State Rep. Matt Huffman is trying to build support for a promising effort to expand private school vouchers to more working-class families in Ohio. In order to appease recalcitrant school districts, whose executives vocally oppose the measure, he may remove any benefit youngsters in wealthier districts could hope to get out of the program, however.
Originally, the bill would have granted vouchers of up to $4,626 based on a family’s economic circumstances. But managers in more than 300 school districts have complained about the possible loss of state and local funding, apparently afraid of competition for students’ dollars from the parochial school down the block. Huffman now wants to limit the amount of each voucher to the total per-pupil aid the child’s school district receives from the state. This means that children in property-rich suburbs, where a growing number of poor families are concentrated, could get just a few hundred bucks a year when they leave for a private school, while many thousands of dollars stay with the school district.
It’s hard to imagine a worse trade-off: Districts get to keep the cash without providing services, while poor and working-class parents in the ‘burbs are forced to scrimp and save even more than their urban counterparts to have some measure of control over their children’s education. Choice-friendly legislators and advocacy groups in Ohio should ask themselves, who are the state’s education dollars intended to benefit: school budget officers, or kids?
As I was reading Richard Vinen’s op-ed about Margaret Thatcher from this weekend’s New York Times, I couldn’t help but think of Florida’s beleaguered governor. Rick Scott ran as a staunch Tea Partier dead set on getting public spending under control, cutting $1.35B from the state’s education budget last year. With the 2012 elections looming, however, Scott has suffered a crisis of nerves, calling for a billion in new money for education — and no new reforms of note — in an effort to improve his flagging popularity. He has turned to the kind of likability-oriented politics that Thatcher eschewed in her program to remake 1980s Britain.
Scott is not alone. After losing a ballot measure over his signature public-sector reform, Ohio’s John Kasich declared, “It’s time to pause,” despite the fact that voters largely support the education reform portions of the law. Where 2011 was defined by tough discussions about how to balance competing state-level priorities in an era of austerity — with teacher unions frequently on the losing end of those battles — many politicians gearing up for 2012 are striking a softer tone. (By contrast, the bipartisan duo of Chris Christie in New Jersey and Andrew Cuomo in New York have made progress, if haltingly, toward reform of the public sector, and both seem braced for productive work in 2012.)
Sweeping problems under the rug would be a mistake, however. The growing pressure
Charged up by our governance conference last week, Dave DeSchryver says we should open the black box of school finances and shine some much needed light on how school dollars are really spent. This kind of accountability, with some easy-to-use tools along the lines of Mint.com, is sorely needed as education budgets have ballooned out of control.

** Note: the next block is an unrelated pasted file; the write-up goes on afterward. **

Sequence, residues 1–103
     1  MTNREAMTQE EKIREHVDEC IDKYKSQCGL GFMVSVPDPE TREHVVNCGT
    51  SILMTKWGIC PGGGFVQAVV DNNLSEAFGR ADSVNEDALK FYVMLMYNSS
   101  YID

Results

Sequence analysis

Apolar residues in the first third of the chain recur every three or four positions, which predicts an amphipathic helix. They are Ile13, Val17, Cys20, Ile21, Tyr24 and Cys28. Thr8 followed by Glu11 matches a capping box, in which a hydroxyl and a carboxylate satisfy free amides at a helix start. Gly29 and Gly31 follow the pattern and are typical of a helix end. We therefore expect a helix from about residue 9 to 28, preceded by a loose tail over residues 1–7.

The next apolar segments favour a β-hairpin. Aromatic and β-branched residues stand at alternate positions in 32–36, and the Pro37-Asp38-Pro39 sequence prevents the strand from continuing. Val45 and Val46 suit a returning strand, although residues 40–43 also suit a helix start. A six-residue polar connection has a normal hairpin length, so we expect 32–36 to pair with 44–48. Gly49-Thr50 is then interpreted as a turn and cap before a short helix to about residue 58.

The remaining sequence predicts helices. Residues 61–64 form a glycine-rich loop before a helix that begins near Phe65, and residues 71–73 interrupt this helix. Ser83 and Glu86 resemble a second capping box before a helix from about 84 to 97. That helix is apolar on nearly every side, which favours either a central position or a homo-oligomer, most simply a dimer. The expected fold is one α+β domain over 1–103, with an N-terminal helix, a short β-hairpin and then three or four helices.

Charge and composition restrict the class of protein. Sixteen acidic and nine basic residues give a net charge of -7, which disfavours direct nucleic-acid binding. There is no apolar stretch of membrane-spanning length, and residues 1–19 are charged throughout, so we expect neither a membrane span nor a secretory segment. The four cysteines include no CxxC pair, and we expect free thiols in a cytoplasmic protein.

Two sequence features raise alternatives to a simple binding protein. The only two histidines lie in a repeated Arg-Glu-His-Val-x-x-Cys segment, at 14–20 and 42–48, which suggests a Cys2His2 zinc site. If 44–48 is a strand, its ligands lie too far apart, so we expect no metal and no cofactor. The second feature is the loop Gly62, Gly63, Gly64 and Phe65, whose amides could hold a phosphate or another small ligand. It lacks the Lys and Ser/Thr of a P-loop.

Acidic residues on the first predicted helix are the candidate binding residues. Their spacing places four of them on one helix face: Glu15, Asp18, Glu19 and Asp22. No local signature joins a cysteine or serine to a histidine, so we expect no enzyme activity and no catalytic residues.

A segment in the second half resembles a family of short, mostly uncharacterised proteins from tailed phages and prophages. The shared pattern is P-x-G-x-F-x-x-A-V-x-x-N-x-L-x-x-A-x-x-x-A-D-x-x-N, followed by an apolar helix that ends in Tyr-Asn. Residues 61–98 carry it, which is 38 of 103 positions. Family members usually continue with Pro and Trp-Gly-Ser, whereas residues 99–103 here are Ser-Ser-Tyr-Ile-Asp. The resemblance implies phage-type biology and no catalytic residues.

But hoping that district leaders will be shamed into spending more frugally is not enough. How do I know? Because even when they’re required to report on financial problems publicly, district leaders and politicians are utterly shameless in nearly all cases, tinkering around the edges rather than facing facts.
Take Montgomery County, Maryland. Last week the county released a report showing the school district’s pension costs have increased by 369 percent over the past eight years. The state pays for teacher pensions, but the county is on the hook for everyone else’s plan. The council president claims this is “a huge cause for concern,” but no one is seriously considering changes to build a better retirement system. They’re pushing for quick fixes, increasing teacher contributions to a fundamentally unsustainable program.
School spending needs more than a technical fix. More transparency could help create pressure, and weighted student funding could give parents more perceived “skin in the game” by tying a dollar amount to their own child’s education. In the end, though, we need political coalitions of taxpayers and parents who are angry
Two-thirds of schools in the UK were closed for a day recently as teachers went on strike over proposed changes to pensions. Unions are trying to force the government’s hand during negotiations over contributions to the pension system, which has become unaffordable (there as here in the US) due to rising life expectancy and rules that permit retirement as early as 55.
The UK’s schools minister, Nick Gibb, didn’t mince words in condemning the strike:
Mr Gibb said: “Strikes benefit no-one – they will disrupt pupils’ education, hugely inconvenience parents, and damage teachers’ reputation.
“It’s irresponsible to strike while negotiations are ongoing. Many parents will struggle to understand why schools are closed when the pension deal on the table means that teachers will still be better rewarded than the vast majority of workers in the private sector.
“Reforms to public sector pensions are essential – the status quo is not an option. The cost to the taxpayer of teacher pensions is already forecast to double from £5bn in 2006 to £10bn in 2016, and will carry on rising rapidly as life expectancy continues to improve.
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About the Editor
Bernard Lee Schwartz Policy Fellow
Chris Tessone was a Bernard Lee Schwartz Policy Fellow and the Director of Finance of the Thomas B. Fordham Institute. He has strong interests in governance and education finance, especially teacher compensation and school facilities finance.